This month marks both the 100th anniversary of the Russian Revolution in 1917 and the 500th anniversary of the Protestant Reformation in 1517. And I would like to reflect on these two events, in turn, in this post and next week’s post. What lessons are there for us today from looking back on these two historic events?
To begin responding to that question, I invite you to consider one of my favorite quotes from the late American Pragmatist philosopher Richard Rorty:
When I was 12, the most salient books on my parents’ shelves were two red-bound volumes, The Case of Leon Trotsky and Not Guilty. These made up the report of the Dewey Commission of Inquiry into the Moscow Trials. I never read them with the wide-eyed fascination I brought to books like Krafft-Ebing’s Psychopathia Sexualis, but I thought of them in the way in which other children thought of their family’s Bible: they were books that radiated redemptive truth and moral splendor. If I were a really good boy, I would say to myself, I should have read not only the Dewey Commission reports, but also Trotsky’s History of the Russian Revolution, a book I started many times but never managed to finish. For in the 1940s, the Russian Revolution and its betrayal by Stalin were, for me, what the Incarnation and its betrayal by the Catholics had been to precocious little Lutherans 400 years before….
I grew up knowing that all decent people were, if not Trotskyites, at least socialists…. Working as an unpaid office boy during my twelfth winter, I carried drafts of press releases from the Workers’ Defense League office…. On the subway, I would read the documents I was carrying. They told me a lot about what factory owners did to union organizers, plantation owners to sharecroppers, and the white locomotive engineers’ union to the colored firemen (whose jobs white men wanted, now that diesel engines were replacing coal-fired steam engines). So, at 12, I knew that the point of being human was to spend one’s life fighting social injustice.
That is one among many possible lessons one might glean from studying the Protestant Reformation and Russian Revolution.
Turning our attention for now to the Russian Revolution, it is impossible for me to consider this world-changing historical episode without recalling the ways that it impacted my own family. My wife’s great-grandfather immigrated to this country around 1905 in the wake of the Kiev pogram, a massacre of Jewish people in Ukraine, then part of the Russian Empire. And my brother-in-law (who is married to my wife’s identical twin sister) came to this country with his parents and two sisters in the early eighties, a few years prior to the Soviet Union dissolving in 1991.
From a larger perspective, why are we bothering to talk about the 100th Anniversary of the Russian Revolution? One answer is that in 1917, the February Revolution in Russia overthrew a dynasty that had lasted more than 300 years. (Smith 2017: 374). That same year, during the October Revolution, the Bolsheviks seized power, establishing “the world’s first Communist state on a territory covering one-sixth of the globe…from the Arctic to the Black Sea, from the Baltic to the Far East…and inspiring communist movements and revolutions across the world” (Smith 2002: 1).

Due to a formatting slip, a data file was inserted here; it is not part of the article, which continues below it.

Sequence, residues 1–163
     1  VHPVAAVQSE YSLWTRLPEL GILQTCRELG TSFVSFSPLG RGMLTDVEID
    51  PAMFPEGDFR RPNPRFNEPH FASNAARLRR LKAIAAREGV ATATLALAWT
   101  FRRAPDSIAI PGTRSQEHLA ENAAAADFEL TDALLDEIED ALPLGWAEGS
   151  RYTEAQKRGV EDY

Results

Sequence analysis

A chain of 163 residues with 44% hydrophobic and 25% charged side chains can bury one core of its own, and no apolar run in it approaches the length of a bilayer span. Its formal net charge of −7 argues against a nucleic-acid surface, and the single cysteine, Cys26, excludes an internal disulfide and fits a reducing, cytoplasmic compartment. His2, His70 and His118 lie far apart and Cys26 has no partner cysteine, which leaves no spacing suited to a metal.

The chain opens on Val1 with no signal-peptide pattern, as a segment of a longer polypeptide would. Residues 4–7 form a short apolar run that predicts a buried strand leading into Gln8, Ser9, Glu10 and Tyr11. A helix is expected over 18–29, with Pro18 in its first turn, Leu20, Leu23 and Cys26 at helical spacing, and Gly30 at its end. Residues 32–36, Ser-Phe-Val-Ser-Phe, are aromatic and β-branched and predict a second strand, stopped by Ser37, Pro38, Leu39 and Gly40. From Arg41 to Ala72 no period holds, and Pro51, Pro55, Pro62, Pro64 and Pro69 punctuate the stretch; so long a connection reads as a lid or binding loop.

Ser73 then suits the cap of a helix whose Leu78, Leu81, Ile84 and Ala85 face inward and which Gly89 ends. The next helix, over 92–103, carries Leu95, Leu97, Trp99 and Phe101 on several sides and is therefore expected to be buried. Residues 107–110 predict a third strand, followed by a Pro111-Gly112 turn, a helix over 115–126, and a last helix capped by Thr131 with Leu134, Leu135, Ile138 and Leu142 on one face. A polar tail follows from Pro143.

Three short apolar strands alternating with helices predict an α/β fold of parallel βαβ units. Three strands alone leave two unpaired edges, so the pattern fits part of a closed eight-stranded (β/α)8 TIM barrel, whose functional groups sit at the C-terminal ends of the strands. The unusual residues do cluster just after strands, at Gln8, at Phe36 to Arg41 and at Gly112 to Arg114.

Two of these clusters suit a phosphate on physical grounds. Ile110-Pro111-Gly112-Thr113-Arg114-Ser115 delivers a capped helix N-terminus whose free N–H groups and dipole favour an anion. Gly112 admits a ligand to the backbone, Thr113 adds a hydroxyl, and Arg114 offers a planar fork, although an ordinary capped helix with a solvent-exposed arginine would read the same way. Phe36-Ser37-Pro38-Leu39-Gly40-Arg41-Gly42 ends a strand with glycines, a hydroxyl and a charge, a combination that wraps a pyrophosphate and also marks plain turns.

Now, for any of my fellow calendar nerds out there, yes, it is true that Russia was still using the older Julian calendar in 1917, so technically, the February Revolution happened in March according to the current Gregorian calendar—and the October Revolution happened in what we call November. But these events remain commonly known as the February and October Revolutions.
On major anniversaries, questions arise not only about what happened a century ago this month, but also, “What was their significance, both then and now?” Responding to the question of “significance” requires us to wrestle with the ways that historical memory is constructed. How are we taught to tell about our history? And why? Who decides? Who benefits from the choices made about how history is told? And who is harmed?
As Jack Goldstone has explored in his helpful book Revolutions: A Very Short Introduction, even with the benefit of a century to think about it—and countless pages of scholarship written about the legacy of that revolution—the answers to these questions are not immediately clear:
- Is the major outcome of the Russian Revolution of 1917 the millions killed by Stalin’s collectivization campaigns in the 1930s?
- Or should we focus on the remarkable survival of the Soviet Union after the Nazi onslaught and its rise to become one of the world’s two superpowers by the 1960s?
- Should the collapse of the Soviet Union in 1989-1991 be viewed as the inevitable outcome of the Russian Revolution seventy-two years earlier?
- Or instead, as the result of the poor choices of Gorbachev and other Soviet leaders in the 1980s? (Goldstone 35)
I am a child of the ‘80s. And as I was coming of age in South Carolina in the middle of the Reagan Revolution, this country was in a terrifying Cold War nuclear arms race with the Russians, who were frequently depicted as “those bad guys.” I was almost six in 1983 when President Reagan called the Soviet Union an “evil empire.” So my earliest notions of the Russian Revolution were of that event as the poisonous root that grew into our nation’s greatest enemy.